Former Blue Note Records supremo Bruce Lundvall dies

Bruce Lundvall

The man credited with resurrecting and revitalising a once dormant Blue Note Records, the much loved and respected Bruce Lundvall, has died aged 79.

Bruce Lundvall, the former CEO of Blue Note Records, died on Tuesday May 19th aged 79. Lundvall had been in care suffering from Parkinson’s. He is regarded as a key figure in jazz, much loved and respected. His signings which included Norah Jones, Herbie Hancock, Bobby McFerrin, Wynton Marsalis and many more produced several Grammy Awards. 

Lundvall was born and died in New Jersey. As well as a clever record company marketing man for Columbia Records in the 1960s, he was a life long jazz fan. In his peak at Columbia he signed jazz greats including Dexter Gordon, Stan Getz and Herbie Hancock. His short tenure at the newly formed Elektra/Musician  label in the early 1980s also produced critically acclaimed jazz music until in 1984 he headed up the rebirth of the iconic Blue Note Records, then a dormant label. Here he partnered with producer Michael Cuscuna, in what was his dream job. He set out to bring the label’s former star names like McCoy Tyner, Freddie Hubbard and Joe Henderson back into consciousness with re-issues plus new artist releases including vocalists Dianne Reeves and Cassandra Wilson, saxophonist Greg Osby, guitarists John Scofield and Charlie Hunter, pianist Michel Petrucciani and groove band Medeski Martin & Wood.

Steering Blue Note records for nearly 30 years he enabled it to become the longest running jazz music label in history. Last year it celebrated 75 years. His legacy includes some of todays most respected and commercially successful jazz artists including Joe Lovano, Jason Moran, Ambrose Akinmusire, Robert Glasper, Terence Blanchard, Jacky Terrasson, and many others. He stepped down as president of Blue Note in 201, a role now occupied by hands-on producer Don Was.

Bruce Lundvall also recognised talent in other territories outside the US. British hip-hop outfit Us3 enjoyed great commercial success and were given carte blanche to sample the label's catalogue, an innovative way to forge new sounds using much loved classic Blue Note grooves. Lundvall's Blue Note gave a World platform to British musicians too, Scottish saxophonist Tommy Smith and vibes player Orphy Robinson in particular. Robinson, who made two albums and two E.Ps for the label said,  "There I was meeting this famous jazz music man and he was really complimentary and informed about me. He was just so down to earth, cool and made you feel welcome to the Blue Note family. He was just a lovely guy. I'm really sad to see him go."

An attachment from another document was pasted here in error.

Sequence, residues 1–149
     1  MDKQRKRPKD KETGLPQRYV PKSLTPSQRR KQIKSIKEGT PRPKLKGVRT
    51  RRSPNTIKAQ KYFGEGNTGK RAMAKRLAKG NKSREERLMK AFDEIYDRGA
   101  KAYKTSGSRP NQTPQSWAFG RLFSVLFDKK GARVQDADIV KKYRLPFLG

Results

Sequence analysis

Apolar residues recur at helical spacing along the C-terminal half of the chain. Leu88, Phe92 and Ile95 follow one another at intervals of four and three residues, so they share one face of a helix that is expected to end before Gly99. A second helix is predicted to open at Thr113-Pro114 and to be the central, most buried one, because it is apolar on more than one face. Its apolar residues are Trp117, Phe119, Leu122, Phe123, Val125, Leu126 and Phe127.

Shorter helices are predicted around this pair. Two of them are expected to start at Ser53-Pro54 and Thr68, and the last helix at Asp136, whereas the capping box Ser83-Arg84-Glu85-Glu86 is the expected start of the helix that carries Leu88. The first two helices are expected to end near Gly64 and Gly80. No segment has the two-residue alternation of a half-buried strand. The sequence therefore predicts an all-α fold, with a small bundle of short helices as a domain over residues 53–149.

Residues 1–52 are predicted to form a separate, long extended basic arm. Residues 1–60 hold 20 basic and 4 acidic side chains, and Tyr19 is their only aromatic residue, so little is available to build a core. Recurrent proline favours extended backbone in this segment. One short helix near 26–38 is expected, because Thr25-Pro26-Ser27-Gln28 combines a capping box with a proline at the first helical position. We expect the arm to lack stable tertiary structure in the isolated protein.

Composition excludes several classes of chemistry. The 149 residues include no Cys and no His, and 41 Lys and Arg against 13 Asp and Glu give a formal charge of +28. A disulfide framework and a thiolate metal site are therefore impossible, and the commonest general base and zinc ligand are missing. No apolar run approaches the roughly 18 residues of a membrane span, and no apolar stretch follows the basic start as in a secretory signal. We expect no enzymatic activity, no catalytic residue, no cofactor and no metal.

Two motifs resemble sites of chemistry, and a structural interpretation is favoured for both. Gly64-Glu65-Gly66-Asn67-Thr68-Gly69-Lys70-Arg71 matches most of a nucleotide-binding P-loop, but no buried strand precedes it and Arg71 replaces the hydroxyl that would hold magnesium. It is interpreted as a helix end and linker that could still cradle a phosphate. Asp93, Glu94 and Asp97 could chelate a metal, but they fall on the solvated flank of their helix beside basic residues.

On her Twitter feed vocalist Dianne Reeves said, "My friend #BruceLundvall rest was not your thing so...eternal joy with all your homies. Love honor and respect."

Saxophonist Greg Osby posted, "Goodbye, Chief. Much #gratitude to you for "getting it" and for having my back for so long. #BruceLundvall #OneOfAKind"

Joshua Redman said, "Is there any US record executive who did as much for jazz music over the past 40 years as did Bruce Lundvall? A great man. A good man. RIP."

Neil Portnow, Recording Academy president said, “Our music community has lost an influential, trailblazing and dynamic friend and his passion for music will forever live on. Our deepest condolences go out to his family, friends, and to all who have had the pleasure and good fortune of having known or worked with him."

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